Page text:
1. audie says:

    I think your summation of the anime series is fair. It had potential, and also had its moments, but overall my opinion was that it was lacking.

    The way it started was simply too contrived, or even worse. There had to be better ways of getting Chise to jolly old England.

    The way it tried to take both the Christianity and the pagan fae seriously while also showing that they are opposed to each other simply confused the overall message.

    But it also had some of the best individual scenes I’ve watched in a while, such as the last flight of the old dragon Navid, and Chise’s phoenix transformation at the end of the first season.

    So, I agree that the show ends up being confused, and the “happily ever after-ish” ending didn’t really seem right.

  2. notleia says:

    Nerd nitpick: The Faerie Queen’s name is Titania rather than Tatiana, but I’m assuming autocorrect borked it for you.

    But yeah, concur that the whole is not better than the sum of its parts, tho it does have good parts.

  3. Steve in Toronto says:

    When I read review like this I wonder what the author is doing watching anime aimed at adults in the first place. AMB is obviously the product of a none christian culture and it is not surprising that the messages of this and many other similar shows do not dove tail neatly with North American Evangelical Culture. That’s fine it’s not a show for everyone but to call it a ” beautiful, but confused mess” is not just harsh but betrays a reviewer who is painfully unaware of how narrow their own cultural perspective actually is.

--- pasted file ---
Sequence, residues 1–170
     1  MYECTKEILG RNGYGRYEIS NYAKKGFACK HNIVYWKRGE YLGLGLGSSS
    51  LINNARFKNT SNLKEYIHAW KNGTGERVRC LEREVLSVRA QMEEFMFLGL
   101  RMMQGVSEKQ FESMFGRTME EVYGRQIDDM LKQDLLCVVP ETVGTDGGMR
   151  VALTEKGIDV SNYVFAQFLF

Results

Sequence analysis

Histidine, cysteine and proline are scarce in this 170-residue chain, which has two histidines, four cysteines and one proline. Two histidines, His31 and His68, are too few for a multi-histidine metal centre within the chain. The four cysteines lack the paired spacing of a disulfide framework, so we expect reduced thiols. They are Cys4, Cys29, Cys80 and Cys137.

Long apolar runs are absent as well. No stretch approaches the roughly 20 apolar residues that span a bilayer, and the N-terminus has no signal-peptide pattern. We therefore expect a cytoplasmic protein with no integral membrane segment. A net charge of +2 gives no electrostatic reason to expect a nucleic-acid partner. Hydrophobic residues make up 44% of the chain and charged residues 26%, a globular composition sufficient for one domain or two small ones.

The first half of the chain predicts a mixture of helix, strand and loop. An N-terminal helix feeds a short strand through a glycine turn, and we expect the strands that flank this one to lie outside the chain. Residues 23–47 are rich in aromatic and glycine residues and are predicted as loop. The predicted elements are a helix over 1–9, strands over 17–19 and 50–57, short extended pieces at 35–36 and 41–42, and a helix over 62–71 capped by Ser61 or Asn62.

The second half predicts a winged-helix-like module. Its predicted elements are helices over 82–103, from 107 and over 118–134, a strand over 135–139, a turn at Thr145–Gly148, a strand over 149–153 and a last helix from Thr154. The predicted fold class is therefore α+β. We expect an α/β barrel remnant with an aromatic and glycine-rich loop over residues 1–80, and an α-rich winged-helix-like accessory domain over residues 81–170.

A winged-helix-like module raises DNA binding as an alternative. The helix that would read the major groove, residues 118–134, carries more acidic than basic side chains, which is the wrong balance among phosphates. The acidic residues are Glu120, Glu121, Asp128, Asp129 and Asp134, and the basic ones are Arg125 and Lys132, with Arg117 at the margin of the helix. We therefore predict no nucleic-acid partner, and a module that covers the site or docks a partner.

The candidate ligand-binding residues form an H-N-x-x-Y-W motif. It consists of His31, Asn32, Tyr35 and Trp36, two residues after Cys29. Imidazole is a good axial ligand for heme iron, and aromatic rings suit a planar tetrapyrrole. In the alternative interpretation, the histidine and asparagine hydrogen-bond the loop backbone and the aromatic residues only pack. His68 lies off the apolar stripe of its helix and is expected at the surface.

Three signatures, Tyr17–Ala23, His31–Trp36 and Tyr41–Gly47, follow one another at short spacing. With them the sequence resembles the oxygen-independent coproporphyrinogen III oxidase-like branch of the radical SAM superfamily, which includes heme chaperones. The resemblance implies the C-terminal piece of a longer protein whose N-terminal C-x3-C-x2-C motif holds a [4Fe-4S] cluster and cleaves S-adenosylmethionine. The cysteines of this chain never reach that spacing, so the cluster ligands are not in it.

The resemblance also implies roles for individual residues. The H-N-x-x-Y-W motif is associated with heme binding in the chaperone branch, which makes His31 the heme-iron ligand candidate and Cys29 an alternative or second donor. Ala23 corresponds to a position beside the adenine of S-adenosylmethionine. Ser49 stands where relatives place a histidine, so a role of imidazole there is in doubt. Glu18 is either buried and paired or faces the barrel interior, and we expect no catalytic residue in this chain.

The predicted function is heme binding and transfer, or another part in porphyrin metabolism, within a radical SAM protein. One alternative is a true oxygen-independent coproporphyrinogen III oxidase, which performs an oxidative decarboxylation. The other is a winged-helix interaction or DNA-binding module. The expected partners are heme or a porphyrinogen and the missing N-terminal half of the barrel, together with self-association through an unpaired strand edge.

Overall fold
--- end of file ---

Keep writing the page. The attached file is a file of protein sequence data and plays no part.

• notleia says:

      If she meant it was a narrative mess, I could back that up. Not simple enough to be episodic, but too choppy to flow well. Also it does that annoying shounen thing where it purposely ends right on a cliffhanger-like point to spike the drama, but then it turns out to be a nothing-burger in the next episode.

  4. Haven’t seen this show yet, so I can’t say much about it specifically. But sometimes it can be good and useful to watch shows where the characters are confused in some way or another. People are often a mess at some point in their lives, and tend not to have it all together even when they think they do. Seeing stories where people are dealing with that sort of confusion can be extremely useful for learning how to understand and deal with those sort of messes. For that reason, maybe we need some stories that show that confusion, and the characters simply being as they are, rather than expecting them to fix all their problems by the end of the story.

    • audie says:

      I think that some of the “spiritual confusion” may have to do with the story having some contradictory elements in it. It’s a story that takes Christianity to some degree seriously and even sympathetically, but it also has the more pagan world of the fae mixed in with it, and as shown the one time Titania met the priest, the two worlds are hostile to each other, a hostility the story cannot resolve.

      And, in my opinion, the ending didn’t really help things. After the major issues between Chise and Elias that the last story arc brought up, the last few minutes of the last episode simply left those mostly unresolved to give a kind of happily-ever-after ending that felt contrived, that neither character was really ready for. That’s why I hope the manga will carry one past the conflict with Cartaphilus, and ignore the anime ending.

      • notleia says:

        More than likely the anime is outrunning the manga. I’ve read some of the manga, but at Volume 5-6-ish, we only got so far as Chise making her wand from Nevin’s branch.

What do you think?